• Qualitative Researcher, Cost of Cash Mexico
• Quantitative Researcher, Cost of Cash Mexico
• Qualitative Researcher, Cost of Cash Egypt
• Quantitative Researcher, Cost of Cash Egypt
Student Intern — Capital Campaign & Development Initiatives
Student Assistant position available in Fletcher’s Office of Development and Alumni Relations, specifically working with the Capital Campaign and Development Initiatives. Approximately 8-10 hours per week. Responsibilities will include: responding to general inquiries from alumni; writing and proofreading content for various electronic and print publications; letter writing, research, database activity and capital project management assistance.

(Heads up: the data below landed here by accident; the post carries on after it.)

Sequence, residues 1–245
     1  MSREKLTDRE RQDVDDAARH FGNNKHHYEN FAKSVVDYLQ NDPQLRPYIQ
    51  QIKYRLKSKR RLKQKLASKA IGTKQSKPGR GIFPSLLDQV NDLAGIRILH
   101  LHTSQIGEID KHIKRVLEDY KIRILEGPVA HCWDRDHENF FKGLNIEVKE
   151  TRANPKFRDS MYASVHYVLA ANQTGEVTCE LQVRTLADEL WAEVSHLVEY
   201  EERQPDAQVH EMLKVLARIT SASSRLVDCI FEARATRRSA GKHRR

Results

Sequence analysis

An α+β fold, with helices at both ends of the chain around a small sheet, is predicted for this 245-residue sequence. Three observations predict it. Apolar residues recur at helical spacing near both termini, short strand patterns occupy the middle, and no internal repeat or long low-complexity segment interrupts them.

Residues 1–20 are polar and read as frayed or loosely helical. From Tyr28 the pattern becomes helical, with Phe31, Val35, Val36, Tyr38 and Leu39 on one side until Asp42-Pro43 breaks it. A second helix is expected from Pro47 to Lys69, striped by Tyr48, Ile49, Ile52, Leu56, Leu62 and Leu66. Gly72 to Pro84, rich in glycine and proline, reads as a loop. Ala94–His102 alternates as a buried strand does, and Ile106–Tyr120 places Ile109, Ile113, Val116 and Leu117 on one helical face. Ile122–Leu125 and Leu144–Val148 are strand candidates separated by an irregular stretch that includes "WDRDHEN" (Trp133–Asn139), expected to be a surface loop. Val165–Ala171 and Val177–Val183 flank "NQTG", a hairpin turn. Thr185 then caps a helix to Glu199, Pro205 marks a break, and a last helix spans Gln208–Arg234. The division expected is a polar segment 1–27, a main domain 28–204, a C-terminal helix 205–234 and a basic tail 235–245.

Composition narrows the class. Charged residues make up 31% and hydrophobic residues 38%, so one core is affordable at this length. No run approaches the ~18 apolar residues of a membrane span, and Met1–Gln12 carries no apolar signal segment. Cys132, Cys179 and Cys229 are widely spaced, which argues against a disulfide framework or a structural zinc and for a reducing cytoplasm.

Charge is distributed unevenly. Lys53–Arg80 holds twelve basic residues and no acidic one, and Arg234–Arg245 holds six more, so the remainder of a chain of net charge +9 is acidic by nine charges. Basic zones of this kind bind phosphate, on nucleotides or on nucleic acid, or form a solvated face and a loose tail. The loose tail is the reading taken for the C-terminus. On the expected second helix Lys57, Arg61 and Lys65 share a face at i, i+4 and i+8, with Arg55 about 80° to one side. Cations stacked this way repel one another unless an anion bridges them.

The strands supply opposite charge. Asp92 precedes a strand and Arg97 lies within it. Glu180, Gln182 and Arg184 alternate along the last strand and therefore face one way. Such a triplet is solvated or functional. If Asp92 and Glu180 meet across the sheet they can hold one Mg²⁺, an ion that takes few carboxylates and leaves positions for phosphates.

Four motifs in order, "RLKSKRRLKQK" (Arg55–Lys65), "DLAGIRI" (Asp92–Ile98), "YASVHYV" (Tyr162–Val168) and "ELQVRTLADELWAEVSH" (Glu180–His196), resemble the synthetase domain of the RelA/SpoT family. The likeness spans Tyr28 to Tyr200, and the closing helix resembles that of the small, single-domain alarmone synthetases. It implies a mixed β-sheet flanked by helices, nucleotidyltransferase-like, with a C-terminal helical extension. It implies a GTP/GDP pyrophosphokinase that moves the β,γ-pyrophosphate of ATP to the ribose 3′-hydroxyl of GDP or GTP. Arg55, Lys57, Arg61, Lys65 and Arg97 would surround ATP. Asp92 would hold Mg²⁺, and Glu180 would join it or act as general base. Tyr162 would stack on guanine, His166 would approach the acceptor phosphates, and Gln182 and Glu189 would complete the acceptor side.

Applicants must pay high attention to detail; have strong writing skills, interest in fundraising and ease liaising with faculty, alumni and staff are all important. Must be able to commit to a structured weekly/monthly work schedule, with some flexibility.
A professor announces the availability of a number of research assistantships. Four positions are available in an international comparative research project that examines the impact of the fusion of nationalism and religion on the dynamics of conflict and on human suffering. Research assistants will help in examining a particular case, conducting literature surveys, writing summaries, helping to organize international seminars and workshops. Research assistants will be invited to participate in a work/study group on the fusion of religion and nationalism in the spring.